Wednesday, October 22, 2008

India on the moon: Chandrayaan-1 Launch successful

Chandrayaan-1, India’s maiden moon spacecraft, was put into Transfer Orbit around the earth by the Polar Launch Vehicle PSLV-C11 after it blasted off from the Satish Dhawan Space Centre.

The 1,380 kg Chandrayaan-1, carrying 11 payloads, was released into a Transfer Orbit 18.2 minutes after the PSLV-C11 blasted off.

After a series of procedures over the next two weeks, the spacecraft would reach its desired Lunar orbit and placed at a height of 100 km from the Lunar surface, marking the operational phase of the mission which would put India in the elite lunar club.

Earlier, at the end of the 49-hour countdown, the 44.4 meter tall four-stage PSLV-11 lifted off from the second launch pad into a cloudy sky......

Tuesday, October 14, 2008

Ban on commercial use of GPS in Egypt

Technology lovers and modern car owners in Egypt consider themselves unlucky because of a government ban on the usage of Global Positioning System (GPS) technology. 

Telecoms Law 10/2003 outlaws the import of GPS-equipped mobile phones, and retailers found selling them could lead to the confiscation of their entire stock. The same applies to any kind of commercial use of GPS technology, which includes cars equipped with GPS devices.

Mobile phones like the Nokia N95, N82 as well as iPhones and some 3G phones are banned in Egypt, leaving the market deprived of the latest technology and features that are fast becoming standard in the new generation of mobile phones.

GPS helps users navigate to their destination inside cities and in remote areas. It also functions as a guide for places of interest as well as hospitals, police departments and businesses.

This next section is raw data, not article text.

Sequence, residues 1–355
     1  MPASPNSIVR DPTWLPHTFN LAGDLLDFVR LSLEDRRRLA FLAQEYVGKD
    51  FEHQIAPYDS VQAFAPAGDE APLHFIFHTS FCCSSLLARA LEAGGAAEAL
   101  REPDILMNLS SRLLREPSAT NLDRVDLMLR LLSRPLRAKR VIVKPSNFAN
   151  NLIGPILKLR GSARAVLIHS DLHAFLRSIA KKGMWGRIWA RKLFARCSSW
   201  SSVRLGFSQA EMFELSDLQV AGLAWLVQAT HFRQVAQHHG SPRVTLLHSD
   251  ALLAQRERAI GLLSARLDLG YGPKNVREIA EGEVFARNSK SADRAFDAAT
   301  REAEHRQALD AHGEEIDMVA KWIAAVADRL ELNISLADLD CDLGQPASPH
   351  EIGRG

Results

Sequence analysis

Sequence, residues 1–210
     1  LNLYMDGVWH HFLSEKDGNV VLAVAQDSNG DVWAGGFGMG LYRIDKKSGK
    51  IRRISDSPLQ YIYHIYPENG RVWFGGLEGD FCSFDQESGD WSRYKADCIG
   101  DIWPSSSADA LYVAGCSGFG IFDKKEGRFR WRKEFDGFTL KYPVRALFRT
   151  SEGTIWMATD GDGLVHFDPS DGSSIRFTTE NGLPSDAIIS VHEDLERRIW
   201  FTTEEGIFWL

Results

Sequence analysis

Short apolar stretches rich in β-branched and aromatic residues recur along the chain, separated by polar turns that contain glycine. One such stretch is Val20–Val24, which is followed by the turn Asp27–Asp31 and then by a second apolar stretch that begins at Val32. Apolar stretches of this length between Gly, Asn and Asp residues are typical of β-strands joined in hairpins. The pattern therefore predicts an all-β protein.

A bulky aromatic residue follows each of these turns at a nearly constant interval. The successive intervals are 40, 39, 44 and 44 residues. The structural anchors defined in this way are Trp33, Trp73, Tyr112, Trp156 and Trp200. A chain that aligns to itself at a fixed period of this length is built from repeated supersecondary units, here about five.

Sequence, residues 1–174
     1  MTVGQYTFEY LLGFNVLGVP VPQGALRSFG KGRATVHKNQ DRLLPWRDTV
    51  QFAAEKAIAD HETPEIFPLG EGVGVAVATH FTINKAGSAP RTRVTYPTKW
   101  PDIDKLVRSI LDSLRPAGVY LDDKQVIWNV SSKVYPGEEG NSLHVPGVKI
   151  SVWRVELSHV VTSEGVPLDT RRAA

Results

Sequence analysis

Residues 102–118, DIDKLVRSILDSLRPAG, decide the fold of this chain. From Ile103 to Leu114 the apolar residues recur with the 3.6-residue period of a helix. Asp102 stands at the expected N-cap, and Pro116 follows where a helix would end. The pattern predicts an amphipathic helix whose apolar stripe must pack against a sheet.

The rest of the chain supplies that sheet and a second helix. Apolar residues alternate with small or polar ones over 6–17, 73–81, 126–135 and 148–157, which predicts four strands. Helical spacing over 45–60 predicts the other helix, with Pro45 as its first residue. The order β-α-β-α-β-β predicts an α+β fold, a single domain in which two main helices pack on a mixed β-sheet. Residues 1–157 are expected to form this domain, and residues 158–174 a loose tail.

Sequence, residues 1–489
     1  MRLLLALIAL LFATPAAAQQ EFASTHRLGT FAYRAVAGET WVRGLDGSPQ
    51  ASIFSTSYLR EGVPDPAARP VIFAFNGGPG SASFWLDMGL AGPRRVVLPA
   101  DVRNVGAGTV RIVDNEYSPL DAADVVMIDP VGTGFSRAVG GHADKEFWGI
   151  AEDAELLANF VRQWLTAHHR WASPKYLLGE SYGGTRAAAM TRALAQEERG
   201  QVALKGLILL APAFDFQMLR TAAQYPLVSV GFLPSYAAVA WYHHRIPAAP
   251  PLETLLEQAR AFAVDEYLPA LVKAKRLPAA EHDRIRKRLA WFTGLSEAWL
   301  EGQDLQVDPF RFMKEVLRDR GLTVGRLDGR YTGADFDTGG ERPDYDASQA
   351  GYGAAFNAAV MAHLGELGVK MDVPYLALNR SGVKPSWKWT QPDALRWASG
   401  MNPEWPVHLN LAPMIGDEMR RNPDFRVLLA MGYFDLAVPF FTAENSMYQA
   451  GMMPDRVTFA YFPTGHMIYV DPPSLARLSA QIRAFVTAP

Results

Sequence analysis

Monday, October 6, 2008

Wealth map of the world

When you look at the map of the world, what do you see? Probably a cosy agglomeration of nations that is imprinted on your brain – reinforced time and time again from its pride of place on everything from classroom wall to newspaper graphic to in-flight magazines. 

This projection of the Earth – a great mass of Russia across the top, a slightly oversized UK on the edge of Europe, impenetrable China and Mongolia on the right, the expanse of America on the left, with Africa centre-bottom – is an image as strong as the Union Jack, the London Underground logo or the Olympic rings. Except it represents only a basic truth about the world, one that has been with us in essentially the same form since the Flemish cartographer Gerardus Mercator created his Mercator projection in 1569. 

Now, though, three academics – a professor and research assistant from Sheffield and another professor from the University of Michigan – have produced The Atlas of the Real World, a book that at first glance looks like a whole bunch of world maps on acid. 

Except, you could argue, that these warped representations come closer to the truth about our planet than the originals on which they’re based. 

Daniel Dorling, professor of human geography at the University of Sheffield, Mark Newman, assistant professor of physics and complex systems at the University of Michigan, and Anna Barford, research associate at Sheffield, have created the website, on which the book is based, which bends and twists our continents according to statistics such as the number of elderly, international immigrants, grocery imports and even ¬demonstrations against the war in Iraq. 

“Because we’re confident people, we think we know what we’re seeing; you see a map and you think you understand it,” says Professor Dorling, 40. “But if you take a normal map of Britain and colour it by how popular the Labour Party is in each area, you wouldn’t be able to tell whether it was going to win the next election. Although you might know Britain very well, you don’t know it well enough to know the areas with high population density.” 

It was to overcome these problems that Dorling and his colleagues set about creating cartograms that offer up an image of a new world order in which the distribution of the planet’s rich and poor, drinking water, weapons and trade can be seen at a glance.